Mo Egger

Mo Egger

Mo Egger delivers his unique take on sports on Cincinnati's ESPN 1530!Full Bio


Three Things: The Bengals Have Appeared On The Screen.

Every day there are three things, here are those three things.

1) The Bengals are in the hunt. There is no more familiar sight for NFL fans than when the TV networks show on-screen graphics of the playoff picture.  You'll see three columns, one of that up-to-the-moment division leaders, the current wild card holders, and those teams on the outside looking in, but still "in the hunt."

After they fell to 3-6 by losing to Tennessee a few weeks ago, the Bengals weren't even listed in that last "in the hunt" column, instead they were relegated to not even being shown, which in November might be the biggest indignity a team can suffer.

As we turn toward December, however, the Bengals are smack dab in the hunt, holding down a place near the top of that third column, with playoff chances that can be categorized by whatever word is used to describe that place between far-fetched and legit.

To their credit, they've recovered enough from both their 0-3 start and their 3-6 mark to get to this point.  And in recent weeks, some of the things that dogged this team for two months have improved.  The offensive line has played better.  Yesterday's electrifying Joe Mixon performance was encouraging.  Andy Dalton's last five games have yielded nine touchdowns, zero picks, and a passer rating of 104.9. (He has an 18 to 4 TD to interception ratio, a completion percentage of nearly 64%, and a passer rating of 104.1 since the beginning of week three.  I was on board the "play AJ" bandwagon a few weeks ago, but give credit where it's due. Andy hasn't been - and isn't - as bad you think.)  The defense has been, well, alright.

But let's be honest, the Bengals are in the hunt because their schedule has been forgiving.  They have zero wins against good teams (sorry, Bills Mafia, the Bills aren't good), and only one victory against a team with a winning record.  Counting Cleveland's record twice since, you know, the Bengals have beaten them twice, the combined win-loss record of the teams the Bengals have beaten is 12-43. 

The combined record of their remaining five opponents is 32-22.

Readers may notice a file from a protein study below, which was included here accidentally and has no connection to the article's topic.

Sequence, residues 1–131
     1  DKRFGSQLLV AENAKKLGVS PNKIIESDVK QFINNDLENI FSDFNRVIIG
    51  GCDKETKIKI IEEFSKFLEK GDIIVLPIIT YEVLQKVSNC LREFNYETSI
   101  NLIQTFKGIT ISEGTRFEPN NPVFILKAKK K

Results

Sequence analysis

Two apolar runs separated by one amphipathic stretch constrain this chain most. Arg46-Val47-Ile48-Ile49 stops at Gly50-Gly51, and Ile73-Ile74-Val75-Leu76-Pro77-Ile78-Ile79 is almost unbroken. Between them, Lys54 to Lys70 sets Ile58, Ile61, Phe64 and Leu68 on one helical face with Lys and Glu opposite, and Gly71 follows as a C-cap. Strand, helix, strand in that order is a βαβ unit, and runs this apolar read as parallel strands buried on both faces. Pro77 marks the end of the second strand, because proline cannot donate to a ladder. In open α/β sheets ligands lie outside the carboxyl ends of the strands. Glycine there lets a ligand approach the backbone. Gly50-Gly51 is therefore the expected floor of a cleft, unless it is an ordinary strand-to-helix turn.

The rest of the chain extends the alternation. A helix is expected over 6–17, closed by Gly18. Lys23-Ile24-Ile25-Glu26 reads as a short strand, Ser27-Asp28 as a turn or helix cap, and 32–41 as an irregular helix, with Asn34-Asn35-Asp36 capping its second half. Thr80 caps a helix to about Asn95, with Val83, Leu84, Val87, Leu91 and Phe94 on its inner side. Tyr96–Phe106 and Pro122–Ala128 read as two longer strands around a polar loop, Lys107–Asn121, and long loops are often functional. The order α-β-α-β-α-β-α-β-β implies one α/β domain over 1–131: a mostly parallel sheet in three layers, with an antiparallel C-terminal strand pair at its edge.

(It might have been 31-23 had Green Bay coach Mike McCarthy actually played to win. His backup quarterback, Brett Hundley was fantastic last night, putting the underdog Packers in a position to win at Heinz Field.  Too bad his coach didn't allow him a chance to win the game.  No, I'm not bitter.)

Nine wins might not be a wild card requirement, but to finish 9-7, they'll have to go 4-1 against a slate that includes two division leaders and two other postseason hopefuls.  Yes, the Steelers play down to their competition (last second wins against Indy and Green Bay, a loss to Chicago). Yes, the Vikings are probably overachieving. Yes, the Lions seem destined to fold. And yes, the Ravens might be the league's most "meh" team in a season filled with them. 

Oh, and they play the Bears, who are awful, yet seem to own the AFC North.

But still....we're asking this Bengals team to - if we include their last two Ws - win six of seven to close the year.

The good part here is that is some respects, it feels like the Bengals have turned the corner.  The frustrating part is wondering about things like where they'd be if they'd gotten a stop at the end of the game in Nashville, or if Bullock makes a kick he misses in Green Bay.  The uncertain part is wondering how much of what we've seen the Bengals do is merely a byproduct of playing crap teams, which we'll get a better feel for that once they've gotten through their last five.

The scary part is having the Steelers, for whom the Bengals are a regular punching bag, standing between staying in the hunt or being removed from the screen.

2) Fun ending. Miserable season.  I was going to write a post about the 2017 UC football season, and it probably wasn't going to be that positive, given the whole losing record and all.

But then they won in absolutely hilarious fashion, ending their season with a one-point win over UConn that has to mark the first time a Bearcats season has concluded on a missed PAT.

The win was oddly gratifying. I found myself happier than I should've been for a team that not only finished with a 4-8 record, but was two missed kicks and a gift from Chuck Martin away from finishing 1-11.